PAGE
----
Tier 2 visas are the main entry route to the UK for non-EEA migrants. The MAC recommended that rather than creating a new visa, EEA migrants should be treated in the same way as people from outside the EEA. However, the report recommended several modifications, including the removal of the current cap on numbers. The £30,000 salary threshold should be retained but the list of eligible jobs should be extended. “Medium-skilled” jobs should also be eligible for Tier 2 visas it says, presumably to ensure supply of much needed staff in the NHS, for example. As an added incentive to attract skilled migrants, the report recommended that it should be easier for Tier 2 visa-holders to change jobs once here.
Despite the absence of conclusive evidence on the impact of low-skilled EEA migration, the MAC was not inclined to recommend any special visa scheme for this group – with the possible exception of seasonal agricultural workers. However, it’s worth noting that this recommendation may be overridden by any UK-EU trade deal that may have a special free movement arrangement for EU citizens.
Overall, there are few surprises in the report. Its recommendations are driven by an economic agenda that privileges certain groups of workers perceived to be most beneficial to the UK economy because they are the least “drain” on public resources.
Yet any closure of UK borders to lower-skilled EEA workers after Brexit is controversial and probably unworkable given the UK’s reliance on large numbers of low-skilled workers in key sectors of the economy.
The care sector is a point in question. The report acknowledges that care work is often low paid and it is difficult to recruit and retain staff. However, the MAC makes no specific provision for this sector in their new migration vision. The social care sector, which is likely to grow given an ageing population, currently employs significant numbers of migrants, increasing numbers of whom are from the EEA. Mostly low paid, they would not qualify under the Tier 2 scheme if the salary threshold remains at £30,000.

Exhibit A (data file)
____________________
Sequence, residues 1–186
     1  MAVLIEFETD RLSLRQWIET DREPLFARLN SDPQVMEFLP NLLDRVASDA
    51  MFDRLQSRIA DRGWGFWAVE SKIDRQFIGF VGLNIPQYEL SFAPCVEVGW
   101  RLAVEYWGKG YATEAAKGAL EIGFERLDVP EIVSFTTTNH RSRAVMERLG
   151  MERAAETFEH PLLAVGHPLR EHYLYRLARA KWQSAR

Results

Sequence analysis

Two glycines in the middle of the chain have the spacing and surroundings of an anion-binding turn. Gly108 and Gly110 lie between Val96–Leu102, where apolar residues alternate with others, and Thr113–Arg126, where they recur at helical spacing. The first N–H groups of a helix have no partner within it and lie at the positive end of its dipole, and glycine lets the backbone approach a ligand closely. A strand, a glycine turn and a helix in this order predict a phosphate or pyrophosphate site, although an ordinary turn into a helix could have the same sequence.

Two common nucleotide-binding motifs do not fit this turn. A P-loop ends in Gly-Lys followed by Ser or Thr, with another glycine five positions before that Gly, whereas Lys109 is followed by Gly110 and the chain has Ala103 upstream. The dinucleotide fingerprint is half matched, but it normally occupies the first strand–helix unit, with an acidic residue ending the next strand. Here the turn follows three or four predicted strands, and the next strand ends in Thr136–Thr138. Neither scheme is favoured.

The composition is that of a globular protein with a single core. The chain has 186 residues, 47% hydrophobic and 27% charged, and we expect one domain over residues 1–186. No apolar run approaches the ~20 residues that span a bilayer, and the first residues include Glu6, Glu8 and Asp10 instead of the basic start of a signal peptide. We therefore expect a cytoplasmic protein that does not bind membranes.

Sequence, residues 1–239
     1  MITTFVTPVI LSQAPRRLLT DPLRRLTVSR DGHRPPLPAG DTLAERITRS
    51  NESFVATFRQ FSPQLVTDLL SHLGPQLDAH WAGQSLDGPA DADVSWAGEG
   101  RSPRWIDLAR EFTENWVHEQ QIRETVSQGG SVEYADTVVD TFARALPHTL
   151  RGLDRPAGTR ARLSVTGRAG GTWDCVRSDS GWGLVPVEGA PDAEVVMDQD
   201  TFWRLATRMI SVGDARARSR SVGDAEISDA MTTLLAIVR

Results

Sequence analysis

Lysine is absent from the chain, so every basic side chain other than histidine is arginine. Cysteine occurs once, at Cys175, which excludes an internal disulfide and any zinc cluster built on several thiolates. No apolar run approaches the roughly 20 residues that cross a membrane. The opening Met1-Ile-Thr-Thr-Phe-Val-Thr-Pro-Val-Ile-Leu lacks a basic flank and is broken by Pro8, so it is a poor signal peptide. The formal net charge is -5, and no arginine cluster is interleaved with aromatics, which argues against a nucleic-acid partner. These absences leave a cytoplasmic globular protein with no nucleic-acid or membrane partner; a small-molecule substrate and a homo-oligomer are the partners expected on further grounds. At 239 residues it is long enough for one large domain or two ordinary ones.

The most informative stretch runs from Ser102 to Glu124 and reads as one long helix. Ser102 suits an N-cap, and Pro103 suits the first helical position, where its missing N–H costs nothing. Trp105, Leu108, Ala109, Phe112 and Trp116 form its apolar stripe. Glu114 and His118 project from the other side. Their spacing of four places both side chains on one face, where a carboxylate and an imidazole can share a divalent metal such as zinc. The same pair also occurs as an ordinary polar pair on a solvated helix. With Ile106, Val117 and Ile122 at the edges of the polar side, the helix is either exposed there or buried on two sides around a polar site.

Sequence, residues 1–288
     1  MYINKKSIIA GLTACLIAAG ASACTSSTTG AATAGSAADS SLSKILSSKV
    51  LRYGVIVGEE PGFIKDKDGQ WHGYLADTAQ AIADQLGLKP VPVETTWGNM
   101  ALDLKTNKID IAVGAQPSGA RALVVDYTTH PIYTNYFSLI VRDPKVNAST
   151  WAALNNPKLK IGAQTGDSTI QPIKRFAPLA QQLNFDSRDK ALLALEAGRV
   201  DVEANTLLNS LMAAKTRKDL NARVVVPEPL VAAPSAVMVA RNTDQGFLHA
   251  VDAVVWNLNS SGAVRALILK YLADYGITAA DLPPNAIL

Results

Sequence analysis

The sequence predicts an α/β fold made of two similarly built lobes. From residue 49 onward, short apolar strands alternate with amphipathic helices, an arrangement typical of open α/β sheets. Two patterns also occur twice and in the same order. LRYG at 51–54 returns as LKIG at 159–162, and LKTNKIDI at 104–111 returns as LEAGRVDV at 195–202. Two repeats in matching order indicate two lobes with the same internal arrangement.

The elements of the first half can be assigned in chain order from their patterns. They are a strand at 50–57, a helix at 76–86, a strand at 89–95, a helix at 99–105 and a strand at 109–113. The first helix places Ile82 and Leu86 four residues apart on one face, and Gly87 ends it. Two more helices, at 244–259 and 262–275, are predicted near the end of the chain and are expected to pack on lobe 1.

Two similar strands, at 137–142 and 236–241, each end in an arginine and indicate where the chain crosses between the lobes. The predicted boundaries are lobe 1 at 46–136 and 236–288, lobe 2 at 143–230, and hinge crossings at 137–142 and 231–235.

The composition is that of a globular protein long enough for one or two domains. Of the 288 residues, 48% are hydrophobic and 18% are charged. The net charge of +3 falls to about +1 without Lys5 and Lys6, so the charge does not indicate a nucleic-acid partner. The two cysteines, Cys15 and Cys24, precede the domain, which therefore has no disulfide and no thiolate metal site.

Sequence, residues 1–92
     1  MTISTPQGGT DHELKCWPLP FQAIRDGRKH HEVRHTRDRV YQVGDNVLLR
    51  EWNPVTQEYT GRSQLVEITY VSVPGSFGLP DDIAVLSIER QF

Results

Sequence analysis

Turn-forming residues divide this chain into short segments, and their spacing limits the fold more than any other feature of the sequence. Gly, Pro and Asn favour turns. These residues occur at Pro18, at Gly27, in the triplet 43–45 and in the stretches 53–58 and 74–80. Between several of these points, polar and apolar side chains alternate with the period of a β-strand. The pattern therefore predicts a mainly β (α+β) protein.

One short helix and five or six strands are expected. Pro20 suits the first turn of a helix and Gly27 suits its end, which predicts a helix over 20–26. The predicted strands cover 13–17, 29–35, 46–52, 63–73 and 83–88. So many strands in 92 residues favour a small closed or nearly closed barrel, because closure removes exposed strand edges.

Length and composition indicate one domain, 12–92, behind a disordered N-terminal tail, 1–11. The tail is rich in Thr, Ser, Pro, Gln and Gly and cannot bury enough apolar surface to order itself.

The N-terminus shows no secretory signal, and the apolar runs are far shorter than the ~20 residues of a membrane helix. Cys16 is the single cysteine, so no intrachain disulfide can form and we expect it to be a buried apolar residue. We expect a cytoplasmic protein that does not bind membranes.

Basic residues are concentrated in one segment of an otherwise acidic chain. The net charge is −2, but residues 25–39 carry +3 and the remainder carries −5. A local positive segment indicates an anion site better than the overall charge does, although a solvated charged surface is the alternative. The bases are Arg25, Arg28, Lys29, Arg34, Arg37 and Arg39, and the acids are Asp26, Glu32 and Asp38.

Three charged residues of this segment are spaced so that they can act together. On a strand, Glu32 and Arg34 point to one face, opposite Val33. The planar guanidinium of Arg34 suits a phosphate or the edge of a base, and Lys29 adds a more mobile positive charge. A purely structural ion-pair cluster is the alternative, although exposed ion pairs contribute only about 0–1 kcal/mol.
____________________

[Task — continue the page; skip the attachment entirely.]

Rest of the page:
The only other option mentioned in the report is an expansion of the current youth mobility scheme, which currently allows young migrants from certain countries to work in the UK for a maximum of two years. This is hardly likely to provide the continuity of experienced care workers which is so badly needed to provide an appropriate service to the UK’s ageing population. And if such a youth mobility scheme is expanded to meet demands for lower skilled labour, it could effectively become a “guest worker” programme – which could have consequences on the well-being of those involved.
The government should make a careful assessment of the MAC’s recommendations before announcing its immigration policy. This should not be focused only on the potential losses and gains for the UK economy. The consequences of such a selective approach to EEA migration on the rights of UK nationals also need to be considered, as they may find their rights to go and work in other European countries become restricted in a tit-for-tat reaction.
Louise Ryan, Professor of Sociology, University of Sheffield and Majella Kilkey, Reader in Social Policy, University of Sheffield
This article is republished from The Conversation under a Creative Commons license. Read the original article.
Source : IBtimes